THEATER—Greek word for “The Seeing Place.”
By Barbara Clippinger
Lakeside is home to many expat actors and directors. For some they’ve put their talents on hold to satisfy the demands of raising families and so have worked in conventional careers. Others have acted or directed most of their lives and now in retirement are doing more of the same.
Somehow, Dave MacIntosh managed to do both. He had a long career as a Public Health Inspector in Scotland, England, Bermuda and Canada, and managed to participate in community theatre at the same time.
Born in Scotland, he got involved in the theatre by a chance meeting. While attending licensing school he sat next to a man named Bill Bryden(*) who turned to him and said, “I’m starting a theatre and I’m looking for young people. Have you ever acted?” Dave told him no, but he could recite The Lord’s Prayer in Welsh—and so began a long career in theatre.
Dave says he loves community theatre mostly because it’s comprised of a whole bunch of people working together towards the same goal. He feels he would never have had the chance to play so many leading roles in professional theatre, nor could he have handled the rejection that goes along with it.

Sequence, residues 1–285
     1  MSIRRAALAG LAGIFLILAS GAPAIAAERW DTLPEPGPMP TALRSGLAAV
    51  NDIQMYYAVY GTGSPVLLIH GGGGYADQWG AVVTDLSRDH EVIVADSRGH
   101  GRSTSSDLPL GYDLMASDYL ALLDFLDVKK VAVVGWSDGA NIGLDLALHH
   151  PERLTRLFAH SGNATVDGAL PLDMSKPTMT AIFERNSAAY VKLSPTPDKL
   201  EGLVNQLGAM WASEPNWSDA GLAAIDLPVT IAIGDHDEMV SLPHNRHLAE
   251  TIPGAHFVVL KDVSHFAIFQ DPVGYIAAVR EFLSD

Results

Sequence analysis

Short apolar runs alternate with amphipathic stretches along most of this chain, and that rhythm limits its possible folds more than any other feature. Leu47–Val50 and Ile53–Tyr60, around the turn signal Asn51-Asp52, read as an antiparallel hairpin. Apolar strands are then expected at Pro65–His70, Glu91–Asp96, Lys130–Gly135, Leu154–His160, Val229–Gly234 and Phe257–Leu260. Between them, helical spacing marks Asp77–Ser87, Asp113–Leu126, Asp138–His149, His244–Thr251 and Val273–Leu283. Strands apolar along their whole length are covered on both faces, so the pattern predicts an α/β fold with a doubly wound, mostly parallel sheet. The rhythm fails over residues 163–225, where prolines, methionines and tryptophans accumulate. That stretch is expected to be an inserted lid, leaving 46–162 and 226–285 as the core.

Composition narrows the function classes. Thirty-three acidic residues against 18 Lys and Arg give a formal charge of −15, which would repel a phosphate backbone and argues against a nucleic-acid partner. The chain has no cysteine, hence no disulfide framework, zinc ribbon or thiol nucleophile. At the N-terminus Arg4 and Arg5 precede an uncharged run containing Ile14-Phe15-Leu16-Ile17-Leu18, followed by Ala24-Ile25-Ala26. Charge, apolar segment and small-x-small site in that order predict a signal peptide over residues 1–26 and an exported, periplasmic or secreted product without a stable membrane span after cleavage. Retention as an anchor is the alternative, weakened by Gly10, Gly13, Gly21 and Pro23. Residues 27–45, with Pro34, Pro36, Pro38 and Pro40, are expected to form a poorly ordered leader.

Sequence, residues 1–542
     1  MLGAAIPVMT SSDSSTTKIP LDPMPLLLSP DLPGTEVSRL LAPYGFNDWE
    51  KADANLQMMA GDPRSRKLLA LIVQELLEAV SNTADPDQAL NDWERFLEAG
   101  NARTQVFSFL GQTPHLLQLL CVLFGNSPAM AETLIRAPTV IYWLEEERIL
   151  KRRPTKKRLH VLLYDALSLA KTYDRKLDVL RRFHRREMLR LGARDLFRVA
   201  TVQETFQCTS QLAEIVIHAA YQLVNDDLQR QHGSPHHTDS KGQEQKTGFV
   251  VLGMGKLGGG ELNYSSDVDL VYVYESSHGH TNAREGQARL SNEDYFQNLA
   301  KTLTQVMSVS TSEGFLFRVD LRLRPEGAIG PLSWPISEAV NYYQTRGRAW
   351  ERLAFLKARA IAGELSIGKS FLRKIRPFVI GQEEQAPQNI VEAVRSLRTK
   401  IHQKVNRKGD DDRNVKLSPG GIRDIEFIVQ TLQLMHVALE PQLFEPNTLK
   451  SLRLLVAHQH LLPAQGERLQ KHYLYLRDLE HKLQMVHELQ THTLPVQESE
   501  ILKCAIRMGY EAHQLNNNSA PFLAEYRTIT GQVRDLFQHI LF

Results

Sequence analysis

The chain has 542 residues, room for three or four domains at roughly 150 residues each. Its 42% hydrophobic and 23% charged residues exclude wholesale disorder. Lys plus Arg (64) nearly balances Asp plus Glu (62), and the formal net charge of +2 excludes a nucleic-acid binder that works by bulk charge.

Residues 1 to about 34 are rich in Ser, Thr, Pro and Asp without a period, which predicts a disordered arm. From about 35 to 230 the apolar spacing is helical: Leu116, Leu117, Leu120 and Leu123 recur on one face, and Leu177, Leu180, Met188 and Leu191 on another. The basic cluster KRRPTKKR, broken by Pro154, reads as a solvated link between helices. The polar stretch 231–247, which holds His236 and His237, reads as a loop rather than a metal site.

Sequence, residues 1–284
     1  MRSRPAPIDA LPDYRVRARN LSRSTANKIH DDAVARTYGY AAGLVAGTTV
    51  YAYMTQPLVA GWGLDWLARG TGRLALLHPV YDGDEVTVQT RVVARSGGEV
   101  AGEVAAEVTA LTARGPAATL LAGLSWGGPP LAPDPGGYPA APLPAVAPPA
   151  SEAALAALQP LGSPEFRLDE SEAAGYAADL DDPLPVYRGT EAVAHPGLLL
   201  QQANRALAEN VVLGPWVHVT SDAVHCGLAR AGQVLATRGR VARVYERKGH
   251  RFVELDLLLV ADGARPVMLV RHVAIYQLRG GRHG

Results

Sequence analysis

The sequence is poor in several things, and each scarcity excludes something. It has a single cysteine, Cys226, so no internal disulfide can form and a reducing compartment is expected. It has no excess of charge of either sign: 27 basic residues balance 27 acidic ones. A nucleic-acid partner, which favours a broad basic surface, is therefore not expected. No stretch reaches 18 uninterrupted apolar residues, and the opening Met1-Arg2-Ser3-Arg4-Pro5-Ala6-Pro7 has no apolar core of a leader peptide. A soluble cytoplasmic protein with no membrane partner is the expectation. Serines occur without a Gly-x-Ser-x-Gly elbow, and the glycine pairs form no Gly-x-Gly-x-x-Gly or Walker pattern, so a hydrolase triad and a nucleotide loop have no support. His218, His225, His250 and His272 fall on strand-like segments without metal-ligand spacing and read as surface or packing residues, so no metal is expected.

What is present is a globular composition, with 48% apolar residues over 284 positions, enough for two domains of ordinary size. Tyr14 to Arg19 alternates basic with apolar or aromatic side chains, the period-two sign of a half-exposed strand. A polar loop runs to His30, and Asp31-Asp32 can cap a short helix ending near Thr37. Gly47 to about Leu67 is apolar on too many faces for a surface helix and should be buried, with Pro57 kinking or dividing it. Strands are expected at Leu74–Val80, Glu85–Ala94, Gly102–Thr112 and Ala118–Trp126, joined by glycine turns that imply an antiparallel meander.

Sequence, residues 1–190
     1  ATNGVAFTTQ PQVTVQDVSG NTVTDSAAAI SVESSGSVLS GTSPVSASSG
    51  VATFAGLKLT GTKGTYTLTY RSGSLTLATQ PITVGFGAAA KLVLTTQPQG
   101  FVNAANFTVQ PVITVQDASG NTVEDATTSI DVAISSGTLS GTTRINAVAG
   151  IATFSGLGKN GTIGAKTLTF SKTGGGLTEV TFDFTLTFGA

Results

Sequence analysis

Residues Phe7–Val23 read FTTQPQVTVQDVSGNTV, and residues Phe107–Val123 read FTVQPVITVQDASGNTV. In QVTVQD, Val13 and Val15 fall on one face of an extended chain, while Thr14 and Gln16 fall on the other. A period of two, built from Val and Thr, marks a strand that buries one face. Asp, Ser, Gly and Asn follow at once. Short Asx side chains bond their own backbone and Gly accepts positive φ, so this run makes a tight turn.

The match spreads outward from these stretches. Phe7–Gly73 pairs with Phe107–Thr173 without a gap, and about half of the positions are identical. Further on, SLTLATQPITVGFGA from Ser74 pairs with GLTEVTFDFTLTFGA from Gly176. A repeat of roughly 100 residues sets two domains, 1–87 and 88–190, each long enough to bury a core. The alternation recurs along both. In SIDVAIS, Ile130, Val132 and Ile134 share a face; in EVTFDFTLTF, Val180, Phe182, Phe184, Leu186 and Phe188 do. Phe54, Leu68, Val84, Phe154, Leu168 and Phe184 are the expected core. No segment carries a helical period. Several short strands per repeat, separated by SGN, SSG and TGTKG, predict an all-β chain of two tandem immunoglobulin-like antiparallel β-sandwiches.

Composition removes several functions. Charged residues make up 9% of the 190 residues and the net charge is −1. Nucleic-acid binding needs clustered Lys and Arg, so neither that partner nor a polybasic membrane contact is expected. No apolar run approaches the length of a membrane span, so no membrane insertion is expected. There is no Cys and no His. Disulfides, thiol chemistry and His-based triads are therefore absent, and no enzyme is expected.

A director told Dave early on, “I don’t know what you’ve got, but don’t lose it!” He was talking about ‘stage presence’, something you either have or you don’t. Dave says he has always known how to get attention on stage. Although he never thought he was funny, he knew instinctively the way to pay attention to details: just how to touch a cheek, how to move convincingly if you’re old, how to speak if you’re happy or in pain. He knows how to find the sensitivity in a scene and how funny suffering can appear to be.
When you meet Dave he’s “up,” friendly, light-hearted and full of fun. But at his core he is also a man who takes acting and directing very seriously. Dave is a perfectionist, he’s nervous and a type “A” personality. He says his confidence comes with structure, lots of worrying, and doing his homework, and then he can flourish and create. Dave doesn’t fear growing old because “there are lots of great character parts that become available as you age.”
What makes him happy? Living here, his friends, his wife Win, golf, our weather and the LLT that has embraced Dave and his talents.
I think Dave would agree with Oscar Wilde who said, “I regard the theatre as the greatest of art forms, the most immediate way in which a human being can share with another the sense of what it is to be human.”
Dave will be directing the musical The Drowsy Chaperone for LLT in late February 2013.
(* Bill Bryden went on to become the Artistic Director for the National Theatre in London.)